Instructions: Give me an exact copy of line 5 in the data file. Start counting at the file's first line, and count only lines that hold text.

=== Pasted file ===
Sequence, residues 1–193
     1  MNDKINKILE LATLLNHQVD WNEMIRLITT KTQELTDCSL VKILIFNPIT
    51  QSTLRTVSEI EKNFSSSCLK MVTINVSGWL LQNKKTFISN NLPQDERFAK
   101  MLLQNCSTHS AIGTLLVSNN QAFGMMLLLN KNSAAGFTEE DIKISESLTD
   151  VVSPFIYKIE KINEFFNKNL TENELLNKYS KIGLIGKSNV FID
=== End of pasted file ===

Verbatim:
   151  VVSPFIYKIE KINEFFNKNL TENELLNKYS KIGLIGKSNV FID